5.  Drain navy beans and set aside.  Spray or drizzle pressure cooker bottom with olive oil.  Saute apple pieces with a pinch of salt.  When they are soft, stir in flour; stir for 30 seconds.  Add the chicken stock carefully, stirring.

6.  Add the chicken, onions, and navy beans.  Stir; add the remaining 1 L water.  Cover the pot and bring up to pressure for 10 minutes; release pressure naturally.

7.  Stir in 1/2 cup Greek yogurt.  Portion into bowls; top with remaining yogurt and a drizzle of Tabasco sauce.

Nutritional Information
per serving, i.e., 1/4 of total recipe, excluding Tabasco sauce

356 calories
4g fat (1g saturated, 3g unsaturated)
48g carbohydrate
33g protein
10g dietary fiber
50mg cholesterol (17% DV)
227mg sodium (9% DV)
941mg potassium (27% DV)
Contains significant amount (+10% DV) of the following:
calcium, thiamin, niacin, vitamin B-6, phosphorus, selenium, magnesium, zinc, vitamin C, iron, riboflavin, folate, vitamin B-12, manganese, and copper.

Greek lentil soup

Lentil soup was one of the first Greek recipes that I learned to make after I met my husband.  After we were first married, we were living in a tiny cottage on a tiny Greek island, on the beach.  I know, right?  But aside from the amazing view and the breeze off the sea and the fact that there were only about six or seven other people living in the entire village, making it kind of ideal for newlyweds, the kitchen was, well, not.

The refrigerator came up to my upper thigh, and had no freezer at all.  On top of the fridge was a glorified toaster oven with two burners on top of it.  Above that was an exhaust fan that, due to the height of the fridge + oven, meant that you couldn’t stir anything while it was on the stove, because there was no space between the top of the pot and the exhaust fan.

There was also no counter space, at all.  There was a sink, but nothing else.  So I would balance my cutting board over the sink for counter space.  And when I wanted to stir a pot, I would take it down, put it in the sink, stir it, and put it back.

It was under these “romantic” conditions that I learned to make Greek lentil soup.  It is the perfect recipe for those looking to be more frugal in the kitchen, since it uses ingredients that are basically the cheapest of the cheap:  dried lentils, onion, carrots, plain tomato sauce.

In our little island cottage, I had one pot, and it was a conventional cooking pot.  You can certainly make lentil soup in a conventional pot, although I now only ever use a pressure cooker and would highly recommend that anyone trying to be frugal or who likes beans, lentils, and peas own a pressure cooker.  They save a great deal of money and an unreal amount of time.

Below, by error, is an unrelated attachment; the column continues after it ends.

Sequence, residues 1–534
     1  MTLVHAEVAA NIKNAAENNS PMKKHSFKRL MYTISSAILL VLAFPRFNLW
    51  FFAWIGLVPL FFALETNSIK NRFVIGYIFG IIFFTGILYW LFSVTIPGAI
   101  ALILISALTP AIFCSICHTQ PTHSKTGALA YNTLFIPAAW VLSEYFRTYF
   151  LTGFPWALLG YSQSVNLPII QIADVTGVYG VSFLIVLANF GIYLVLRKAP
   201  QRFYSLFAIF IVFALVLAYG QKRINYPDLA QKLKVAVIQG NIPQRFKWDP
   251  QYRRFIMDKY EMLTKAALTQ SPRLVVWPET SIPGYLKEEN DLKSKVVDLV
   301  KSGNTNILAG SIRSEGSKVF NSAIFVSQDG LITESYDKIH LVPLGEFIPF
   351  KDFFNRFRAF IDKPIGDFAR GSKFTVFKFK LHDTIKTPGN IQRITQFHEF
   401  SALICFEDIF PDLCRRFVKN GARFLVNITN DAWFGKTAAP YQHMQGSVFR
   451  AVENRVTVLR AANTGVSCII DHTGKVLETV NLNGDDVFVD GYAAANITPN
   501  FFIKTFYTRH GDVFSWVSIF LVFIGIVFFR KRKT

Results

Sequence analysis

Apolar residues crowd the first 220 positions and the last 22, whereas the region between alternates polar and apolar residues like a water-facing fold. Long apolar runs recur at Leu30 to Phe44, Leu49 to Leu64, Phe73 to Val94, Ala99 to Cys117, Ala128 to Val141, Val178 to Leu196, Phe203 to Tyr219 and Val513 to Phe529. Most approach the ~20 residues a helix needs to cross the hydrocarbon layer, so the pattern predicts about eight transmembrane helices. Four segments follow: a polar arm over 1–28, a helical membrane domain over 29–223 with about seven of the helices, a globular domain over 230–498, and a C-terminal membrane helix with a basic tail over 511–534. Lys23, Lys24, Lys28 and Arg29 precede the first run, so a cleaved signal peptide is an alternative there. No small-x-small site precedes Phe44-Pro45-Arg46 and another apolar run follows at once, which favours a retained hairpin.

Lentil soup is a great fall and winter soup, when carrots are plentiful and we all need something a little warm and spicy.

Lentils are a handy ingredient:  cheap, easy to store, long shelf-life, don’t need to be soaked before use, good for you.  Combined with something high in vitamin C, lentils have usable iron.  If you don’t like carrots, you could put some orange peel in this soup for vitamin C.

The soup is easy as can be:  saute some onions and garlic in a little olive oil in the bottom of the pressure cooker.  Throw in some carrots, lentils, and tomato sauce.

Add enough water to cover everything, plus another two cups (the more water, the more soup, but you don’t want to fill beyond the half-way point of your pressure cooker).

I call this Greek lentil soup, but the spices I use are a bit more Morrocan.  True Greek lentil soup would leave out all of these spices except the bay leaf.  You can experiment to see what you like.  The authentic Greek version is too bland for my taste.  I use a bay leaf, cumin, Spanish smoked paprika, hot paprika, and cinnamon.  Never put salt in a pressure cooker.

Stir and cover; bring the cooker up to pressure.  A pressure cooker works by increasing the boiling point of water.  In a conventional pot, water boils at 100 C (212 F) at sea level; in a pressure cooker, it boils at 121 C (250 F).  The higher temperature cooks food much faster.

About 15 minutes later…

After opening it up, add the salt, stir, and ladle into soup bowls.

I like to put a little bit of hot garlic olive oil in lentil soup.  I make my own, and I keep it in the fridge, where it partly solidifies – thus its murky appearance.  I do this to reduce the risk of botulism, a small but present risk in any garlic oil.

A tablespoon of olive oil and a few of strained plain Greek yogurt, a bit of bread, and we’re done!

Greek Lentil Soup

Serves 4

1 tbsp olive oil
1 medium onion, chopped
2 garlic cloves, pressed
6 medium carrots, sliced into rounds
300g lentils, picked over for small stones
250g plain tomato sauce
1 bay leaf
2 tsp cumin, ground
1.5 tsp Spanish smoked paprika
1/2 tsp hot paprika
1/2 tsp cinnamon, ground
2 tsp salt
4 tbsp hot garlic olive oil (for serving)
1/4 cup Greek yogurt (for serving)

1. Heat olive oil in the bottom of a stainless steel pressure cooker over medium heat.  Saute onion and garlic for two minutes.  Add carrots, lentils, tomato sauce, and 4 cups water.  Stir; add all spices; stir again.

2.  Bring pressure cooker up to pressure and reduce heat to low.  Cook 15 minutes.  When pressure is released, open and add salt.  Stir and ladle into bowls.

3.  Drizzle 1 tbsp of garlic olive oil over each portion, and top with 2 tbsp Greek yogurt.